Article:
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On my drive to work a few days ago, I listened to a podcast episode in which the co-founder of WeWork explained the rise of the shared workspace company valued at nearly $16 billion.

Near the end of the interview, he talked about what he sees as the company’s “primary reason for existing.” And that got me thinking, what should be the primary reason The Times sports department exists?

In one way or another, it’s a question I’ve been pondering since I interviewed for the sports editor job at The Times in the spring.

There are some things that a sports department absolutely must do — accurately report the results of local teams and the accomplishments of local athletes are among them — but I don’t think that’s enough. That alone, shouldn’t be the primary reason for a sports department’s existence.

Sports can illuminate important issues in society, and the history of the Region is rich with such examples. As many of you probably know, two members of the 1965-66 Texas Western men’s basketball team — the first team to win an NCAA basketball national championship with an all-black starting lineup — were from Gary.

My goal is for The Times sports department to tell stories that matter, stories that make a difference and stories that move people.

And I feel very fortunate that the two newest additions to The Times’ sports department — Lake County reporter James Boyd and Porter/LaPorte counties reporter Robbie Weinstein — have a similar vision. And their approach has been reflected in their first two weeks in Northwest Indiana.

Boyd, a recent Illinois graduate, wrote a story in Friday’s paper about a football game earlier this season in which a Confederate flag and “Make America Great Again” apparel were in the stands when Lowell played host to Morton, a school with a large minority population.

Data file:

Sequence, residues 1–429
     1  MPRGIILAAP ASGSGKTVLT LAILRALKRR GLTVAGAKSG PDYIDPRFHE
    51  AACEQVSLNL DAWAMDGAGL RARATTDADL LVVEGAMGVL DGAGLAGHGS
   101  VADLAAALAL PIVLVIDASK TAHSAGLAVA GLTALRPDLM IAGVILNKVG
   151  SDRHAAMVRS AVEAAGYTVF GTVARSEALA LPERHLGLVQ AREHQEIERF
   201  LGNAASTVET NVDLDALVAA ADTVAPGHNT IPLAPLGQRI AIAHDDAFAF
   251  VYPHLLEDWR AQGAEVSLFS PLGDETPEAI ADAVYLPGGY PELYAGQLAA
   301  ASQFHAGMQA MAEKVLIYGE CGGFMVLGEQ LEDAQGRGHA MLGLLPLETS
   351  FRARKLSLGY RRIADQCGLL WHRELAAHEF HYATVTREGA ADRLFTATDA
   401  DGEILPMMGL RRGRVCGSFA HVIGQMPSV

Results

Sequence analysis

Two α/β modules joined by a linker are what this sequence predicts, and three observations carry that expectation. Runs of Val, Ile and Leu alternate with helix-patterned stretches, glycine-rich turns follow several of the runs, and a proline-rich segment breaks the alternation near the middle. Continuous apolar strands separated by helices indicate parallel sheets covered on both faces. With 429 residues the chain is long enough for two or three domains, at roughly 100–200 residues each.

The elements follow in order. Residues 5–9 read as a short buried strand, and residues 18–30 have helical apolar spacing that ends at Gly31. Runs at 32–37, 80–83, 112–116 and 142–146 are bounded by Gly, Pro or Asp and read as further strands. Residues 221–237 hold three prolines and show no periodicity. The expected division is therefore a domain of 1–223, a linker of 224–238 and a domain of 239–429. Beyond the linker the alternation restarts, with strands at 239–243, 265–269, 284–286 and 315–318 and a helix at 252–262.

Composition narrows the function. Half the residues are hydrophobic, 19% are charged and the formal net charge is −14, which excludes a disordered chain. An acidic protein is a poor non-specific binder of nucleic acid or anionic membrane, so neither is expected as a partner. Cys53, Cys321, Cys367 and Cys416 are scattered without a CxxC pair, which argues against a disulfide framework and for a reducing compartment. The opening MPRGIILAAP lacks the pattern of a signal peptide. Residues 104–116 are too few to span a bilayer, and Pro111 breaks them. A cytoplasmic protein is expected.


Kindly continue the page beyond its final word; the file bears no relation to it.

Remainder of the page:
Boyd interviewed coaches from Lowell and Morton, plus Lowell’s superintendent and an attorney who made the case that Lowell’s administration didn’t violate anyone’s First Amendment rights when they asked the students to remove the apparel supporting President Donald Trump.

Boyd wrote that Morton coach Sean “Kinsey thinks that what transpired goes beyond a football game and is emblematic of bigger racial and political issues that are present not only in Lowell, but also the entire country.”

In other words, it was just the sort of story I feel is important The Times sports department write.

While Boyd was busy working on that story, Weinstein has written multiple stories about West Side’s decision not to bring back Rod Fisher for a 36th season as the girls basketball coach.

Weinstein, who recently earned his master’s from Northwestern, went to great lengths during the reporting process. He spoke with West Side principal Marcus Muhammad in an attempt to learn why Fisher was not retained and later was in communication with Courtney Schaafsma, the executive director of the Indiana Distressed Units Appeal Board, about a petition to reinstate Fisher.

Both interviews revealed new information about a complicated story that seems to still be unfolding.

While Boyd and Weinstein have impressed me from the moment I met them, they are still new to the Region and could use your help. If you see either one of them at a game, please introduce yourself.

If you have a story idea, please tell them or email Readers often alert us to the best stories. It doesn’t have to be a weighty topic, or even about high school sports. Have a neighbor who has overcome obstacles or is someone in your spin class doing something inspiring? Please let us know about it. We’re interested in athletes of all ages and abilities.

We are also interested in your feedback, good or bad. We know we are new to the area and have room to improve. Once again is the best way to get in touch.

In case you were wondering, Miguel McKelvey, the co-founder of WeWork, said his company, “is trying to help other people succeed.” Before starting WeWork, McKelvey played college basketball at Oregon. In 14 games over two seasons he averaged 0.3 points, 0.1 rebounds and 0.1 assists per game.

If McKelvey had ties to Northwest Indiana, he would be just the type of player I would want Boyd or Weinstein to write about.

This column solely represents the writer's opinion. Reach him at



Sports Director

Ryan is The Times' Sports Director. He has covered sports all over the U.S. and loves all things soccer and baseball. He’s a brave dad raising a little Twins fan in White Sox and Cubs territory.